Subtraction | Less but Better

How we live each day matters more than what we do in our lives. There is nothing to achieve. There is nowhere to arrive.


It’s not uncommon for many of us (including myself at one point) looking to read as many books as possible in the hope of "acquiring knowledge" towards living a happy and fulfilled life. We strive towards reading 50, 100, or even more books in a year, and often times by reading multiple books at any given time. This has become quite a thing now. There’s no shortage of videos that purport to share strategies for reading as many books as possible by using every potential minute in our lives, so we can live the life we want.

Reading has become somewhat of a status symbol for many, so we can come across as "well-read/intelligent/worldly" to have an opinion about anything and everything (maybe even to feel superior to others), or whatever that means for us. For instance, we may undertake to read some popular classics even if they might not be an easy read, but we read them anyway, just so we can say we read them and/or mark it off in our somewhat arbitrary reading list.1

I picked reading books (text) here as an example, but it could apply to any form of media including visual (images), audio (via audiobooks/podcast) or video. Regardless of the medium, it’s all about knowledge acquisition. By the way, there is nothing wrong with wanting to learn more and stay curious about the world, as long as what we learn doesn’t get in the way of our living.

We are constantly acquiring knowledge for the purpose of "living a better life".2 This way, we are always preparing to live, but we never end up living our lives, because we are too caught up "in search of knowledge" by way of finding the next book we can read to "gather more insights." Paradoxically, in wanting to "live better", we don’t end up living at all.

We mistakenly think it’s more "knowledge" we need to live a good life. We don’t, despite what others (including formal education or the publishing industry) will have you believe. Life isn’t about learning, but unlearning, so we can get to the essence of who we are. The problem is we think we need to "know stuff." We don’t. Life is about subtraction, and not acquisition.

Do you think God designed you to be inadequate to begin with? Do you think He thought you needed more knowledge on this planet, because you were incomplete? The problem is we have learned from this world how to be and what to do to feel adequate (which is never-ending in and off itself, but we keep "learning to acquire"), and in the process we have forgotten who we are. In all of the "doing", we have forgotten to simply be.

Two kinds of intelligence

Contrary to what most believe, you don’t need to "know much" to live a good life. In fact, acquiring knowledge often gets in the way of true living.

The Persian poet Rumi talks about the two kinds of intelligence. The first kind is when you go to a formal school as a student to acquire information (translation: memorize facts and figures). You compete with others "to get ahead in life" with the implicit assumption that you aren’t enough and that you need things outside of you to complete you and justify your existence on this planet, but seeking external things (including knowledge) in life is a pointless pursuit at best.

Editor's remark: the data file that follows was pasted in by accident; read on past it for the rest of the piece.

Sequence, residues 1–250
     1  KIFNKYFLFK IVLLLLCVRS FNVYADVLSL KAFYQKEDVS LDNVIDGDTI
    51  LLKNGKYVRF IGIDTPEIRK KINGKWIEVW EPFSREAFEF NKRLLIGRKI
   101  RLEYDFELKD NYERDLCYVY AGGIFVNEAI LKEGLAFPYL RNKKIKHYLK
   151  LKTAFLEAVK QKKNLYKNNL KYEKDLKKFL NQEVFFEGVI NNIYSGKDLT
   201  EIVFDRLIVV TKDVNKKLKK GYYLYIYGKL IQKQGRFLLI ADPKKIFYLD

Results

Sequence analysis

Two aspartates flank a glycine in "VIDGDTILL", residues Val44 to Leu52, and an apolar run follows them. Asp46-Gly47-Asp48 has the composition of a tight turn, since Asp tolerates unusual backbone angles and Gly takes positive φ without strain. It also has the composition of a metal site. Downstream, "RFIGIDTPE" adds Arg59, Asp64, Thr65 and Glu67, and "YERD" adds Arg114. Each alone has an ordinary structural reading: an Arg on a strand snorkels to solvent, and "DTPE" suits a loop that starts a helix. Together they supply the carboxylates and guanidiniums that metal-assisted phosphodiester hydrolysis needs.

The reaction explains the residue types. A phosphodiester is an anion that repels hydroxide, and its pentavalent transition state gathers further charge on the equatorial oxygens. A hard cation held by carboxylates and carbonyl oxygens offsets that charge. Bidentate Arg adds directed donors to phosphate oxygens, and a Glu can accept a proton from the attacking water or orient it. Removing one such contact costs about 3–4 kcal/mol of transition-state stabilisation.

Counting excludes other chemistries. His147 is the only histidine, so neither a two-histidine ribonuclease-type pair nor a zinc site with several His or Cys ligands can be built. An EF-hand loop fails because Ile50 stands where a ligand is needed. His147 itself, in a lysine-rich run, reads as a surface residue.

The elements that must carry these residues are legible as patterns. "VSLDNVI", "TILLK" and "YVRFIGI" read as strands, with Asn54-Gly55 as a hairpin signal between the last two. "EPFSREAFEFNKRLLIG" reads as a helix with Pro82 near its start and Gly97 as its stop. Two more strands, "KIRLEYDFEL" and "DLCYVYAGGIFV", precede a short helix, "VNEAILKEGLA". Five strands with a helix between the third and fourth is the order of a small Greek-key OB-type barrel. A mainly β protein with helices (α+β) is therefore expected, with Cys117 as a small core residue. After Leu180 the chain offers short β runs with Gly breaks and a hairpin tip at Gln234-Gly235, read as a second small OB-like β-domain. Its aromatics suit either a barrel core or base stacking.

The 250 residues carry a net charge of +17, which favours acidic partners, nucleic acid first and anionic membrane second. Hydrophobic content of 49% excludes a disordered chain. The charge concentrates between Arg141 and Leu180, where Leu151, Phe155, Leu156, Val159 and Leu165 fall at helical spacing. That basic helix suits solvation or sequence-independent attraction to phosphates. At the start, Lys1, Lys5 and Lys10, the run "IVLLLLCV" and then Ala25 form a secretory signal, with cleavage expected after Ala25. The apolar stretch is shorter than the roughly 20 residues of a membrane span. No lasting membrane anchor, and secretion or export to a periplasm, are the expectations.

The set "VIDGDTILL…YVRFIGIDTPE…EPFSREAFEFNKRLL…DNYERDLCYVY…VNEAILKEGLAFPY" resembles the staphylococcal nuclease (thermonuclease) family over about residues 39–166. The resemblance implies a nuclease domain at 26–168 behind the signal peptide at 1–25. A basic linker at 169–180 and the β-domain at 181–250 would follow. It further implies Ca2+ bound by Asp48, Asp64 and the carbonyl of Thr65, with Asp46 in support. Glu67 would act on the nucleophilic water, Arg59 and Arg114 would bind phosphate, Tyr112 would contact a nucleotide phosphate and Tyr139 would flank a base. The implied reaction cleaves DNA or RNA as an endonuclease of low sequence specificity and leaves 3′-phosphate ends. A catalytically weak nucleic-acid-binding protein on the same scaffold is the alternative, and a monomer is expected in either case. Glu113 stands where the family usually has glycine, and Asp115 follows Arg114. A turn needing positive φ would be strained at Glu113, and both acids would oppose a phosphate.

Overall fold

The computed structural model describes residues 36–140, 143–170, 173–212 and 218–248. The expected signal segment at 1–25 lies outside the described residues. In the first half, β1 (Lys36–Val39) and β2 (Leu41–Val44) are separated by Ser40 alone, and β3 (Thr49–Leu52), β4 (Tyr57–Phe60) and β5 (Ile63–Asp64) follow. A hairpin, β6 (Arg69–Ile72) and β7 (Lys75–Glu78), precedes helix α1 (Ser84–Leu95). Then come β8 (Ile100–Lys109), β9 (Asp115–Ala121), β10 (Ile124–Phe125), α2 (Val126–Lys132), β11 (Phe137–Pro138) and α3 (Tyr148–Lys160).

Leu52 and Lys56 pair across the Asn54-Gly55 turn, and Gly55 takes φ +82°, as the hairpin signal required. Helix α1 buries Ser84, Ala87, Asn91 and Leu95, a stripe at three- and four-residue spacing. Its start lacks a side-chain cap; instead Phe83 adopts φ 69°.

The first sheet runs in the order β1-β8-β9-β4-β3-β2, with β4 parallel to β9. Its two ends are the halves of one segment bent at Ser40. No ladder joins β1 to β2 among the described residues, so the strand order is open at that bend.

The second kind of intelligence is about subtraction — when you don’t look outside of you, but rather within. The assumption is you are enough, meaning you have everything you need while the fountain of knowledge flows from within you, and not from the outside in. It’s about uncovering yourself like the layers of an onion to realize your true potential.

Rabindranath Tagore said:

A child is in his natural setting amidst the flowers and the songbirds [and not in the limited confines of a classroom]. There he may more easily express the hidden wealth of his individual endowment. True education is not pumped and crammed in from outward sources, but aids in bringing to the surface the infinite hoard of wisdom within.

Life isn’t about "doing (the right) things", but stopping to do the wrong ones we have acquired from this world. There is nothing wrong with learning as long as it doesn’t get in the way of our real growth. For instance, instead of striving to "be in the present", we must ask ourselves why we keep thinking about the past and future every day. Subtraction is about constantly letting go of yourself, so we can be who we really are. And, more often than not, it’s "knowledge in pursuit of living a good life" that gets in the way.

It’s not about "doing the right thing"

When we talk about wanting to improve our lives, it’s always about starting to "do the right thing" and never about stopping to do the wrong ones, even if the latter might be a more effective strategy for our improvement (particularly at the outset). In other words, we tend to think about ways to add to our lives in order to improve, rather than think about what we need to subtract (remove) from our lives to make it better. We falsely associate improvement or betterment with acquisition/accumulation.